The new iPad by Apple, a supersized version of the iPod/iPhone, is a tablet computer that features a 9.7″ display with multitouch touch screen technology, running at a resolution of 1024×768.
Recording the entire screen would come in very handy for development, troubleshooting, training videos, demos, podcasts, and even direct broadcasts from the iPad screen.
While a native software solution to iPad screen capture is either weak or nonexistent, there is an ideal and low-cost hardware capture solution that will allow you to capture the entire contents of the screen without slowing down or otherwise altering the functionality of the Apple iPad.
This solution consists of two things: the Apple iPad dock connector to VGA adapter (pictured below), available from the Apple store ($29) and the Epiphan Systems VGA2USB ($299).
The iPad to VGA dock connector currently allows you to add a VGA port to the Apple iPad and mirror the image on the iPad’s screen on the output. In the future, Apple will add support for applications to use this external output.
In order to record video from Apple’s iPad, we must begin by connecting the iPad to VGA adapter to the iPad, and connecting the Epiphan Systems VGA2USB to the VGA side of the adapter. A more detailed diagram is shown below:
The captured video from the iPad can be recorded on the computer using free software provided by Epiphan Systems, or any other video capture software that supports external devices, such as Adobe Premiere or VirtualDub.
Furthermore, the images and video from the iPad can also be broadcast using software such as Windows Media Encoder or QuickTime Broadcaster.
More information on the VGA2USB can be obtained directly from Epiphan’s website here: http://www.epiphan.com/products/frame-grabbers/vga2usb/
As long as you have the 2.0 version of the iPhone firmware or above, the iPhone or iPod Touch does not need any special screen capture software in order to take instant screenshots of your screen. Here is how it works:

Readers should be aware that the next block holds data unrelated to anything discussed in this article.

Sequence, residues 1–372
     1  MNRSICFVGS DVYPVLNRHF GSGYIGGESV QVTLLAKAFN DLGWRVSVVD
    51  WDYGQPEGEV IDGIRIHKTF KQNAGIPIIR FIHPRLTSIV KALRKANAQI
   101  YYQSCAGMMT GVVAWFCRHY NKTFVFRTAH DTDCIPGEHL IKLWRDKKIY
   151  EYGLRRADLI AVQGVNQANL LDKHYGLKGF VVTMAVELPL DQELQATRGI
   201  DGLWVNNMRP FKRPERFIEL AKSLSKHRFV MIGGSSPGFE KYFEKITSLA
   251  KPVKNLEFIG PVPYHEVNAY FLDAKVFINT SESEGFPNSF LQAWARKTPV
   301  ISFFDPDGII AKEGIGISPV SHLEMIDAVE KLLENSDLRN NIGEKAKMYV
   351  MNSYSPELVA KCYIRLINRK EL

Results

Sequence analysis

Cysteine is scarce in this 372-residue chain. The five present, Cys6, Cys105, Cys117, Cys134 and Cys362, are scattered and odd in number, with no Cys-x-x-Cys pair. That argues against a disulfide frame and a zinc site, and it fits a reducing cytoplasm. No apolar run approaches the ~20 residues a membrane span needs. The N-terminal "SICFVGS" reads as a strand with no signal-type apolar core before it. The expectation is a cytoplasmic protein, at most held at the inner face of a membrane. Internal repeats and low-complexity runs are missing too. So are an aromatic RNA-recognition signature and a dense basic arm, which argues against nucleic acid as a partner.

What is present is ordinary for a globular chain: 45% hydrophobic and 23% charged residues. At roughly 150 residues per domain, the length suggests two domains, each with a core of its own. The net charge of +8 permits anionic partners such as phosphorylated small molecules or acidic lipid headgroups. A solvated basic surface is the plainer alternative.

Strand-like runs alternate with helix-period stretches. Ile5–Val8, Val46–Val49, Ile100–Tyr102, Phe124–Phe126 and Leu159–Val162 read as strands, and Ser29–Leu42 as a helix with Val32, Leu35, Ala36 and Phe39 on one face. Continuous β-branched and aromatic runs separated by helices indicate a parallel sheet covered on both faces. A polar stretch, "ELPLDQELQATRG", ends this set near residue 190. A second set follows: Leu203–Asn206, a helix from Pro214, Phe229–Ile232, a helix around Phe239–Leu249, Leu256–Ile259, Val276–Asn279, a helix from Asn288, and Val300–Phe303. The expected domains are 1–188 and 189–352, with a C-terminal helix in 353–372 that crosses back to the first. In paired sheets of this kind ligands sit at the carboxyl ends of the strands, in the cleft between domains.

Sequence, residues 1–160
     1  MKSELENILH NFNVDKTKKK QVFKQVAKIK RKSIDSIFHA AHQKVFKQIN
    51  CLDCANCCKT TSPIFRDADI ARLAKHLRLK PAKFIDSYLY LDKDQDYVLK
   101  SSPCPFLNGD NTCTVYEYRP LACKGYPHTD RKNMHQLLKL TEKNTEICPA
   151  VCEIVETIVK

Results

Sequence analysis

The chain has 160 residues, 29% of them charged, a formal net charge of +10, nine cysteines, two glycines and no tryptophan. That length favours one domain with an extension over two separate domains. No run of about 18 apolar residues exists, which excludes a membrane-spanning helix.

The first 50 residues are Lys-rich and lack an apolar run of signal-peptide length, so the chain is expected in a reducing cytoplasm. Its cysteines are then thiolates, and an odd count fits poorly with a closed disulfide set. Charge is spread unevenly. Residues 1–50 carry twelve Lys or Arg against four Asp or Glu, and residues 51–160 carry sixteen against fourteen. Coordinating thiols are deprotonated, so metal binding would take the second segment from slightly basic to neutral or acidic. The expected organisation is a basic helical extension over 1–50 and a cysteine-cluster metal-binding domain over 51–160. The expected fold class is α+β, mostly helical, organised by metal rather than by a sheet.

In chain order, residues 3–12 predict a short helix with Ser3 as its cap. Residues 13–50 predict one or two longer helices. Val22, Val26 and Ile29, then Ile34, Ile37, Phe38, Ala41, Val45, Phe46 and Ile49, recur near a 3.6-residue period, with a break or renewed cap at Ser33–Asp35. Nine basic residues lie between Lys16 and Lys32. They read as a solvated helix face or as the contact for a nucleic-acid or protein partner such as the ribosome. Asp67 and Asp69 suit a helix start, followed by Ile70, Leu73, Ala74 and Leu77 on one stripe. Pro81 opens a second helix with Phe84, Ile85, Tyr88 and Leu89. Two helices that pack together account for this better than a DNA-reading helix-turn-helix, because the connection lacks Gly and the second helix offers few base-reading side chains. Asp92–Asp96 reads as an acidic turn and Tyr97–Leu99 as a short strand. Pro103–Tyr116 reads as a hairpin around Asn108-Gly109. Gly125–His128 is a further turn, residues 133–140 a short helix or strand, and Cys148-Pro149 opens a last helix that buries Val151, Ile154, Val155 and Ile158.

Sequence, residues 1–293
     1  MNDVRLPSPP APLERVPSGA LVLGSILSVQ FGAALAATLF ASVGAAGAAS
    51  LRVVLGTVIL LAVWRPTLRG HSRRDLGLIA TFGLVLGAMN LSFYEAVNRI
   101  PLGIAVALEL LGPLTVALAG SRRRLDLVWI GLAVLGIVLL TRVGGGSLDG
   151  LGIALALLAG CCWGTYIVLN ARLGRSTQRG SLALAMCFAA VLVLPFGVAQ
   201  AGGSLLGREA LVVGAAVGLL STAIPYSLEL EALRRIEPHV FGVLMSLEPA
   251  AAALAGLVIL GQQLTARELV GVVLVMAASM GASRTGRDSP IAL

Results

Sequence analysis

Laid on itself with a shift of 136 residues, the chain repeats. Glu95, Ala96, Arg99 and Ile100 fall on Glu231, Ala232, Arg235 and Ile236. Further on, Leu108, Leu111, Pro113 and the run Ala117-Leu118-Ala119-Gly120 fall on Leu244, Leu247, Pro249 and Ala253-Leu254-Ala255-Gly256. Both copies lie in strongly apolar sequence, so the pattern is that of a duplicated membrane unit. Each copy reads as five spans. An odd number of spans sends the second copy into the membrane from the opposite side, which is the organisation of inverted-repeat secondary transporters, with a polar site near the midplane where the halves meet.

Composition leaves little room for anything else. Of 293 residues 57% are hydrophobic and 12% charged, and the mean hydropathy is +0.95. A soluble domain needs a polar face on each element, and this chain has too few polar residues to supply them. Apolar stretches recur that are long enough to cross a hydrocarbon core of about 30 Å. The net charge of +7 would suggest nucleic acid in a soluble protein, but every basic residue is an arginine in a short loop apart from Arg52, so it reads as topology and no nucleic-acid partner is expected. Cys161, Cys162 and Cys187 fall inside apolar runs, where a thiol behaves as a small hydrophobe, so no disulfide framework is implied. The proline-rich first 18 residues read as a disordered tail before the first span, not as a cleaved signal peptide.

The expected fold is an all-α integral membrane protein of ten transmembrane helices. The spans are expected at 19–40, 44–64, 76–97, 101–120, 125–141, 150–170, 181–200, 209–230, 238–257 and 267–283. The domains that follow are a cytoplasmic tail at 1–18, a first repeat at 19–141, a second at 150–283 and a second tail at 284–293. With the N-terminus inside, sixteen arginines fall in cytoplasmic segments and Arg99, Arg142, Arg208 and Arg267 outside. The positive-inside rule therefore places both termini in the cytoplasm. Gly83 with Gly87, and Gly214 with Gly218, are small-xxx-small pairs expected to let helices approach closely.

1. Hold the Home button down
2. Press the Sleep/Wake button
Your screen should now flash white. This means that the iPhone or iPod Touch has successfully captured your screen and saved it as a photo.
3. Your screenshots can be found by pressing the Photos icon.
On an iPhone, you’d have to then navigate to the Camera Roll folder. On an iPod Touch, the screen captures are saved in the Saved Photos folder.
Security experts say they have found a hole in Apple iPhone which automatically takes a screenshot every time that you press the “Home” button, and that the images made can be retreived later. Of course, these screenshots are taken without the user’s consent and knowledge. This “feature” is not to be confused with the iPhone’s actual screenshot feature, which archives an image of the screen to the iPhone’s memory whenever you hold down the power/sleep button and push the Home button.
Apparently, the iPhone takes a screenshot every time you press the Home button in order to create the shirinking effect of the application window that was open when the button was pressed, bringing some insight into the way that the iPhone OS works. The iPhone is supposed to remove the screen capture file after the effect has been created. Nevertheless, the screenshots can be retrieved with special software that can analyze the memory of the iPhone for deleted files.
Jonathan Zdziarski, the security expert that discovered the flaw, said that this hole has been used by forensic experts to “gather evidence against criminals convicted of rape, murder or drug deals.”
While most people have nothing to worry about, this issue raises a privacy concern for those that do things on their iPhone that they wouldn’t want others to discover should the phone end up in the wrong person’s hands.
Screenshots, like the one above, are captured by the iPhone every time that the “Home” button is pressed by the user.
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